Steve contacted the human resources director of a company because they had outpatient and inpatient PT jobs in multiple states. Unfortunately, after a few conversations, it was clear they didn’t have any opportunities in the areas he was interested. But the HR director referred him to the manager of an outpatient clinic for a different company in a different city and he was able to land his dream job.
Sarah interviewed with a hospital for an acute care position. Over the course of several conversations, she mentioned that she was also interested in women’s health. Rather than getting the inpatient job, the manager recommended her for a position that wasn’t even posted yet -- director of the new women’s health initiative at the hospital.
After talking with his mentors, Blaine secured an interview with an NFL team. He prepped extremely well but in the end didn’t get the job. Interestingly, several months later one of the strength and conditioning coaches from the NFL recommended him for a job in the NBA and he got it.
The typical job application process looks like:
Resume. Check. Well-written cover letter. Check. Send off the email for the job opening....hope, follow up, hope. Repeat until you get a job.
For years, I thought this was the process of getting your next great job. There is definitely a procedure that you follow. I previously thought how well you follow that procedure combined with your experience will get you the job. Unfortunately, I think this perspective may be holding us back from getting our next great job.
These three stories have one thing in common. They received a job offer in an unconventional way. And they didn’t just get lucky… they benefited from relationships initiated during the job application process.
While it is true there is a process to follow and it is important that you complete it with excellence, the perspective with which you approach the process is even more important. Instead of focusing on a job, we need to use the job search process to build relationships.
Let me give an analogy about weight loss. While it is good to have a target weight in mind, if that number becomes the focus of our efforts, we lose sight of the ultimate goal. While the number on the scale may represent part of what we are seeking, it definitely is not the most important part. For many people, that number represents looking and feeling their best and being able to enjoy their favorite activities. If we focus on that number, our behavior might be impacted negatively. For example, we may use extreme fad diets that only result in a temporary change or we might exclude certain of our favorite foods only to be miserable in the process. Instead, it is better to develop a healthy lifestyle that causes us to enjoy the process and see a more permanent change.
Similarly, in the job search, our focus should be developing high quality relationships with people. By focusing on relationships, we can enjoy the process more and frequently have much better outcomes. This approach has many benefits.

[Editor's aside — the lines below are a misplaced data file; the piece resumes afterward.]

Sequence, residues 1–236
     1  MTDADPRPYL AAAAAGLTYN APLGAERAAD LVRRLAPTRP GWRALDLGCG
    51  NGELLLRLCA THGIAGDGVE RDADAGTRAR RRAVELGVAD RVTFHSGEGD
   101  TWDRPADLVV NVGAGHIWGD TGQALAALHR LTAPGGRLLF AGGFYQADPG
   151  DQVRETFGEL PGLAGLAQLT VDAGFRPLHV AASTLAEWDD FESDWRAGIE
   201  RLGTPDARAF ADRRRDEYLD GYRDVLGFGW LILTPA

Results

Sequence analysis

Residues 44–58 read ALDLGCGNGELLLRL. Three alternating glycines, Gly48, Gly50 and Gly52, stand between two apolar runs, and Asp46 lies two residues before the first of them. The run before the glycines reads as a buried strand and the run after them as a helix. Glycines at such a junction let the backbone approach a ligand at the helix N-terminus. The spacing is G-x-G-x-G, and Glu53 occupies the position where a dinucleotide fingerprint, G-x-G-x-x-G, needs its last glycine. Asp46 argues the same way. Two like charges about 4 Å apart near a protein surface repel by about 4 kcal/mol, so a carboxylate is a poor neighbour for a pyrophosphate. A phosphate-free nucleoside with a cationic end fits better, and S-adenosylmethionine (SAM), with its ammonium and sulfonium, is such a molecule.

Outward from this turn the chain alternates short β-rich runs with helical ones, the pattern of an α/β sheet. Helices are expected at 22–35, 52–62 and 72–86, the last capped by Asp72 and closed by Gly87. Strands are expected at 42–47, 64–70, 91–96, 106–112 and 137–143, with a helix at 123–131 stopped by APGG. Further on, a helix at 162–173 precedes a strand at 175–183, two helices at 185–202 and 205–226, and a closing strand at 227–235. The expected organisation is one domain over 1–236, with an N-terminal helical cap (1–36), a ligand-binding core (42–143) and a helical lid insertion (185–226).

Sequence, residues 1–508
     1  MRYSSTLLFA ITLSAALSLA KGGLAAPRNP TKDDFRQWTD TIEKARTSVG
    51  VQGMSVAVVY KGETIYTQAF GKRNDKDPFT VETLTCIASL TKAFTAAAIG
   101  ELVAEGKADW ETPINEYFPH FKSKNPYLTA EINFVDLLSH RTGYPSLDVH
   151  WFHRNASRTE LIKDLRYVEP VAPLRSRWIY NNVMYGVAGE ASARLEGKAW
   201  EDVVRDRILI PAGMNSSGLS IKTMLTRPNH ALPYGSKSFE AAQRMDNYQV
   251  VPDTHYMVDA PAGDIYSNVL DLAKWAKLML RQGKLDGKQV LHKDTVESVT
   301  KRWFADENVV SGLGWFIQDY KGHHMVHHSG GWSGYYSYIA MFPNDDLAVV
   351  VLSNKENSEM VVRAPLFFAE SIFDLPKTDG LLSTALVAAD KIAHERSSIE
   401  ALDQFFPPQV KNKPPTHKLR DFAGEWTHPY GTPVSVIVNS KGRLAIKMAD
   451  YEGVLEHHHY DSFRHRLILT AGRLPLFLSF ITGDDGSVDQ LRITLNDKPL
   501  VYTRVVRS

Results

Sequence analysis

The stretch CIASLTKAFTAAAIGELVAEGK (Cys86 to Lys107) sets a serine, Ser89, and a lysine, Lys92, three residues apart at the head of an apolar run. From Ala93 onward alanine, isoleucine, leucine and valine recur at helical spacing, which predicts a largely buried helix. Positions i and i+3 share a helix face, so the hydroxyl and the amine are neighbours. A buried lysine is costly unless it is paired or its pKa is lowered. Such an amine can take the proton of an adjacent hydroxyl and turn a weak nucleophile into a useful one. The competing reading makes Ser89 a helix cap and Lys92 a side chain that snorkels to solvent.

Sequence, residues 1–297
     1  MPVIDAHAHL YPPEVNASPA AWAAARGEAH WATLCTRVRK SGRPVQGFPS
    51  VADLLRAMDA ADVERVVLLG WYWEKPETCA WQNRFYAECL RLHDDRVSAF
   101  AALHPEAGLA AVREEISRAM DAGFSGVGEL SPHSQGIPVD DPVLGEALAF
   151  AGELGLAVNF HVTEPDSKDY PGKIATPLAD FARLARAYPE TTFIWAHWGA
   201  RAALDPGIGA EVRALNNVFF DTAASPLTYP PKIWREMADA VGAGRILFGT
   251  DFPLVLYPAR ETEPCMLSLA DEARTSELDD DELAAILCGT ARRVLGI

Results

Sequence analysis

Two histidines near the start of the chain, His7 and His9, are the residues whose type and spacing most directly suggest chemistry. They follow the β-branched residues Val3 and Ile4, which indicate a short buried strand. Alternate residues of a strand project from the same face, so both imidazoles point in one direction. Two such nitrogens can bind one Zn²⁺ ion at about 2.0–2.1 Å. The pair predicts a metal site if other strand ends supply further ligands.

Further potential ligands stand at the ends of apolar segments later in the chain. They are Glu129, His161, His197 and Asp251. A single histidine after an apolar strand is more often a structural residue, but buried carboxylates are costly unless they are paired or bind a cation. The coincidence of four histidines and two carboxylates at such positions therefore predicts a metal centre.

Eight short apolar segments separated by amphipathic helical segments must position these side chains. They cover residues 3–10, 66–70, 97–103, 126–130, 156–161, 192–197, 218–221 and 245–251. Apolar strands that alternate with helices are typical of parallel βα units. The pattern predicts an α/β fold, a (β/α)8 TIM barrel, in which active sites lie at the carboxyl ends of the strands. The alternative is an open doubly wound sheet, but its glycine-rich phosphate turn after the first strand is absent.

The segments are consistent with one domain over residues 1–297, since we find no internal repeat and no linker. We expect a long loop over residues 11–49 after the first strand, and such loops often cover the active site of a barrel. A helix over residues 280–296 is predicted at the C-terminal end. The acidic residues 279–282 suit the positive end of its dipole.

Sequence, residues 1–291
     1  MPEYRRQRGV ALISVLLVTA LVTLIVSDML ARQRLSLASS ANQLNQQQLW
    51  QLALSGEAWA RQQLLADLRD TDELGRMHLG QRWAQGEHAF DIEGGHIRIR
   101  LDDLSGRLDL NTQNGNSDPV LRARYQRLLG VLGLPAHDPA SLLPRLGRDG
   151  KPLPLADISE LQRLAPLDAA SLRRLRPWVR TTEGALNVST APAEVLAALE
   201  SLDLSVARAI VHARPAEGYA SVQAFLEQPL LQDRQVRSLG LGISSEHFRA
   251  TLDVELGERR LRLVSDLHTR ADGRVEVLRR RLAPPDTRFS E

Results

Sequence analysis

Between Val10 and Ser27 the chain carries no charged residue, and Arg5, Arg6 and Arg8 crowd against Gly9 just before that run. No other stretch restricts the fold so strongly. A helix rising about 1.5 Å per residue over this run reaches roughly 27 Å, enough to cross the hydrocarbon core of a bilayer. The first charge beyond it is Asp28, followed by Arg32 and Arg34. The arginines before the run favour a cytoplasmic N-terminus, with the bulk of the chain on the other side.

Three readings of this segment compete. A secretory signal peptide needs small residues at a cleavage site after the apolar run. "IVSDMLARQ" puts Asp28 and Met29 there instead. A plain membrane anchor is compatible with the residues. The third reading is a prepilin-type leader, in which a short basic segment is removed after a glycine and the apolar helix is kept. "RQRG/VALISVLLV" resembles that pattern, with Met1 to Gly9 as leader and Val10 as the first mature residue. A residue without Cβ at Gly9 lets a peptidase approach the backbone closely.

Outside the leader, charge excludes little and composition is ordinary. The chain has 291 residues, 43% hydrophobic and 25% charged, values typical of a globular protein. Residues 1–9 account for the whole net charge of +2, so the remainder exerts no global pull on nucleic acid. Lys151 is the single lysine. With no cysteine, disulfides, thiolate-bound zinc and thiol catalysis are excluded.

1) You get to know the people in the organization.
For most people, who we work with is the most important part of job satisfaction. In the typical interview process, it can be challenging to really get to know the culture of the workplace. The interview can end up being a blur and leave you without a really good feel for the company.
If you start the job seeking process with the intent of building relationships, you get to know the whole organization better over a longer period of time and vice versa. The organization can know if you are a good fit too.
2) It sets you apart, because the focus is off of yourself
When you have the mindset of “getting a job,” the focus is on what you want rather than the other person or organization. When you seek to build a relationship, the focus shifts from yourself to the other. This is very refreshing and appealing to most employers because the candidate starts asking about how they can contribute rather than what they can get from the team.
3) It can lead to new opportunities.
You wouldn’t believe how many times in building relationships that a person will recommend you for a job in the same company that they hadn’t posted. I have had people refer applicants to other jobs (even with competitors) because they were such an outstanding candidate and would be a great fit in another company.
In the next post, we will describe the process of how to build great relationships in the job search. Be sure to subscribe to our list or follow us on social media to not miss out on our next post.
If you are looking to put yourself in a great position for your next job, check out our Ideal PT Candidate Master Class. This course covers everything from writing a cover letter that will make you stand out, and interviewing like a pro, through negotiating the job offer.